For example, a B2B technology company that wants to rank for B2B software consulting should optimize their service page for that term based on what is currently being served in search results. But, if they also create a series of blogs or resources that are targeting that specific term, search engine bots will be confused about which page is the best answer for that query. This could result in none of the content appearing in the top 10 results, in favor of competing sites with a more clear ‘answer’ to that query.

The Fix: Determine which of your pages or posts is the best answer for that particular query by analyzing ranking and analytics data. Which post or page sees the greatest amount of engaged organic traffic for your target keyword, and most closely matches the associated search intent?

Once you’ve determined your target page, it’s time to evaluate the remaining content targeting that keyword. Look for opportunities to:

  1. Remove or prune low-value or outdated content. Is there a blog post full of stats from 2009 that’s hindering your priority page’s chances of ranking? It might be time to consider removing that post and implementing the proper redirects.
  2. Optimize existing content for related, but different, keyword targets. For example, if you have a priority post for Chocolate Chip Cookies, and another post that more closely relates to ‘Crunchy Chocolate Chip Cookies’, consider optimizing that post for the latter and implementing internal links back to your priority cookies post.
  3. Combine closely related content. For example, if you have several blog posts around your targeted keyword(s), consider combining those posts into a longer, more robust piece of content.

SEO Mistake #3 - Ignoring Internal Link Structure

How Internal Linking Affects Content Marketers: Links are like electricity on the web, lighting up content for people and search engines alike.

Content is discovered by links. Your site’s internal linking structure tells bots (and users) which pages are most important, and which pages are most relevant to specific keywords. If you link to several pages from the same anchor text, for example, there will be some confusion about which page is truly ‘about’ that topic. Other times, you could have pages or posts on your site that are orphaned, with no internal links directing users or bots their way. This can confuse your site users, search engine bots, and even your own team. Confusion is not a ranking factor!

The Fix: Make sure you develop and continue to update your site’s keyword map. It can be as simple as a spreadsheet that lists your page’s URL and associated target keyword(s). This keyword map will help you determine what anchor text should be used to link to your target pages.

Next, conduct a site audit to determine:

  1. If there are orphaned pages that need internal links
  2. If you are linking to multiple pages with the same keyword-rich anchor text
  3. Where there are opportunities to create additional supporting content
  4. Where you might have opportunities to reduce and prune existing supporting content

Next, you’re going to want to crawl your site to find any orphaned pages. Then, map those into your overall keyword strategy and implement internal links.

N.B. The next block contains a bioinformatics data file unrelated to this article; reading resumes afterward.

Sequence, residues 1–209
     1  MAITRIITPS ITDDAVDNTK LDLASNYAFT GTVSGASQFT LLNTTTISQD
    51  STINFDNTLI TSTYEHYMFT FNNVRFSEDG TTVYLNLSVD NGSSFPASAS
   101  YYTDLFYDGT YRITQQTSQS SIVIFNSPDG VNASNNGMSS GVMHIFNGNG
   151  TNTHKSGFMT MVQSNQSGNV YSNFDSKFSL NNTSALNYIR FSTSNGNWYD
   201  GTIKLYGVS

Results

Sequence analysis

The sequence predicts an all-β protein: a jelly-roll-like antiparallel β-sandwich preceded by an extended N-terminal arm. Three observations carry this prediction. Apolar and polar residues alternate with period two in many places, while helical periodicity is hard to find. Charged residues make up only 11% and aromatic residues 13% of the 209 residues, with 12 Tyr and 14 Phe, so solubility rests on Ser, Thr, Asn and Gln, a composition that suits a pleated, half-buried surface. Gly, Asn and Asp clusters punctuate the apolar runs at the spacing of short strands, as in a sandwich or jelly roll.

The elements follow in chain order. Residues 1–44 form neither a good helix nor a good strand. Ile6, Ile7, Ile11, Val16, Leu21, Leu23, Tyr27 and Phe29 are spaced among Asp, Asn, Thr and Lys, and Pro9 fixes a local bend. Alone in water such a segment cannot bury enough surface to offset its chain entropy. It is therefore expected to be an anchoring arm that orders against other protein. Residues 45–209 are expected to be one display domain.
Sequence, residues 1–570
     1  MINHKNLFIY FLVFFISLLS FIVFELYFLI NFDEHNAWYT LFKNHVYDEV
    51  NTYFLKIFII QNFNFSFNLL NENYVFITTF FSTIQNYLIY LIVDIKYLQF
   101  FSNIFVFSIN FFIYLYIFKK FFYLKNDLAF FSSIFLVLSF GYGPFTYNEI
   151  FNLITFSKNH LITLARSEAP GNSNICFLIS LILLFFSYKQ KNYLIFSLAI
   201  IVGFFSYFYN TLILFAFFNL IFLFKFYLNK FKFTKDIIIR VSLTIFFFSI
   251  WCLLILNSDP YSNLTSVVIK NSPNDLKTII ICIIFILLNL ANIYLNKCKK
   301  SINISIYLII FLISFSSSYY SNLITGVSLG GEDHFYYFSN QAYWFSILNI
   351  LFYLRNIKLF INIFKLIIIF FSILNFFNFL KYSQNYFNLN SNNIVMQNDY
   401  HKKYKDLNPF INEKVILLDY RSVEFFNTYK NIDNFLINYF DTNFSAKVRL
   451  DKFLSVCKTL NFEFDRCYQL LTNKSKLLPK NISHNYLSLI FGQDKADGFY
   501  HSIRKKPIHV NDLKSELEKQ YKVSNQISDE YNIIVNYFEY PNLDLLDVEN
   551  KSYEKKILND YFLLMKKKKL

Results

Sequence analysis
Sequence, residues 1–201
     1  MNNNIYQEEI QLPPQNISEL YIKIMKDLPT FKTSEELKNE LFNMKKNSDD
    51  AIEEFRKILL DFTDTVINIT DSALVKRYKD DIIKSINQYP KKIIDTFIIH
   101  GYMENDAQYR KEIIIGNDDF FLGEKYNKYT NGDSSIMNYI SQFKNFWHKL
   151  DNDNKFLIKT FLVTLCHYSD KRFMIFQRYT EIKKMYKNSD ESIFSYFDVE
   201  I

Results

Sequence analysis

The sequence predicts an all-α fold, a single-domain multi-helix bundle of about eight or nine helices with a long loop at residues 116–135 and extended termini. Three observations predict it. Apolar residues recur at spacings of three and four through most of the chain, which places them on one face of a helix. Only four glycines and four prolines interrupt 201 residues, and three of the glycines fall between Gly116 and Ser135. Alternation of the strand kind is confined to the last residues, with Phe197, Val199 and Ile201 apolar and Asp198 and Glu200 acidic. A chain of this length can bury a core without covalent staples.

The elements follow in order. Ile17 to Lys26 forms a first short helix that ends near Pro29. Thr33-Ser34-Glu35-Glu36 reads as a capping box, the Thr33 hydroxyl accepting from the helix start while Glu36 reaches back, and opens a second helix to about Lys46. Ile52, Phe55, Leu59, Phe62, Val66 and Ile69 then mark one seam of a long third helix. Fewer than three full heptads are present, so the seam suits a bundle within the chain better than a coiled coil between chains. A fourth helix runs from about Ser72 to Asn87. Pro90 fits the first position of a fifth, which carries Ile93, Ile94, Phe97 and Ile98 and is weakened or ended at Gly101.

SEO Mistake #4 - Ignoring Data from Other Digital Tactics

How Marketing Data Affects Content Marketers: Inspiration often drives ideation for many content marketers, but data drives optimization for ideal content performance. Marketing performance data can provide both.

Any data you can collect about how your audience engages with your content has the potential to be an SEO gold mine. For example, analyzing the keywords from your paid search campaigns can give you insight into which keywords are your best converters, and what content best suits searchers for those terms. Social posts that get the greatest amount of engagement can tell you which topics your audience is most interested in. Ignoring data from your other marketing and sales channels means missing out on an opportunity to better engage your prospects.

The Fix: Meet with different teams or departments to find out what kind of content performs best on their channels. Look at the data each platform or channel provides and compare that with your site analytics data for a full picture. And, be sure to share your channel performance data with the rest of your marketing team. The more information available related to content and marketing performance, the better equipped you are to optimize.

SEO Mistake #5 - Giving Up

How Persistence Affects Content Marketers: Content performance in search is a long game and persistence is essential for success.

SEO is a marathon, not a sprint. Sometimes a lack of results can feel demoralizing, but giving up is simply not an option. You wouldn’t stop building your house just because the nearest lumber yard ran out of wood, right? You’d find another lumber yard and keep plugging along.

The Fix: Take a step back. Re-evaluate the search landscape, your competitor’s organic presence, and your site’s overall health. Being able to remove yourself from the frustration can help you find opportunities you may have missed and additional whitespace to tackle.

Next, seek out advice from other SEOs. Ask questions on social media, in specific groups or forums, or send a question to your favorite SEO blog. If budget permits, enlist the help of a consultant or SEO agency that can help you break through your roadblocks.

Finally, we have two big SEO bummers that are tougher to fix, but absolutely necessary to address.

Bonus SEO Mistake: Migrating Your Site with No SEO Plan

How Migrating Without a Plan Affects Content Marketers: A bad migration can effectively undo your hard work, reducing content visibility and creating more user friction.